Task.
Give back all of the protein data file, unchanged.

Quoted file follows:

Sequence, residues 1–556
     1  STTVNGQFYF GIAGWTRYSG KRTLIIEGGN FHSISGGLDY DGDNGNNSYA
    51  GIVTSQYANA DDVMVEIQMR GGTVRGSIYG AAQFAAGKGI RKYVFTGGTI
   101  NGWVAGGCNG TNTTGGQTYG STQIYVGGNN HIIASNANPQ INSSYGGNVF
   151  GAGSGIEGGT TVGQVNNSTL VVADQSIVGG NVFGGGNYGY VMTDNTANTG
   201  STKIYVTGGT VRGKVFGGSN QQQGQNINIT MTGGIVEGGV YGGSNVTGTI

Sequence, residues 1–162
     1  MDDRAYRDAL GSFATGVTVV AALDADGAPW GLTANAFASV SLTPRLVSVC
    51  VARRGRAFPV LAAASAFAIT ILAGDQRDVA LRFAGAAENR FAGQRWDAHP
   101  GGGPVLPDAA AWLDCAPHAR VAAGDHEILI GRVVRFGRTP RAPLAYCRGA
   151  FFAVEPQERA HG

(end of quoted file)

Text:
Sequence, residues 1–556
     1  STTVNGQFYF GIAGWTRYSG KRTLIIEGGN FHSISGGLDY DGDNGNNSYA
    51  GIVTSQYANA DDVMVEIQMR GGTVRGSIYG AAQFAAGKGI RKYVFTGGTI
   101  NGWVAGGCNG TNTTGGQTYG STQIYVGGNN HIIASNANPQ INSSYGGNVF
   151  GAGSGIEGGT TVGQVNNSTL VVADQSIVGG NVFGGGNYGY VMTDNTANTG
   201  STKIYVTGGT VRGKVFGGSN QQQGQNINIT MTGGIVEGGV YGGSNVTGTI

Sequence, residues 1–162
     1  MDDRAYRDAL GSFATGVTVV AALDADGAPW GLTANAFASV SLTPRLVSVC
    51  VARRGRAFPV LAAASAFAIT ILAGDQRDVA LRFAGAAENR FAGQRWDAHP
   101  GGGPVLPDAA AWLDCAPHAR VAAGDHEILI GRVVRFGRTP RAPLAYCRGA
   151  FFAVEPQERA HG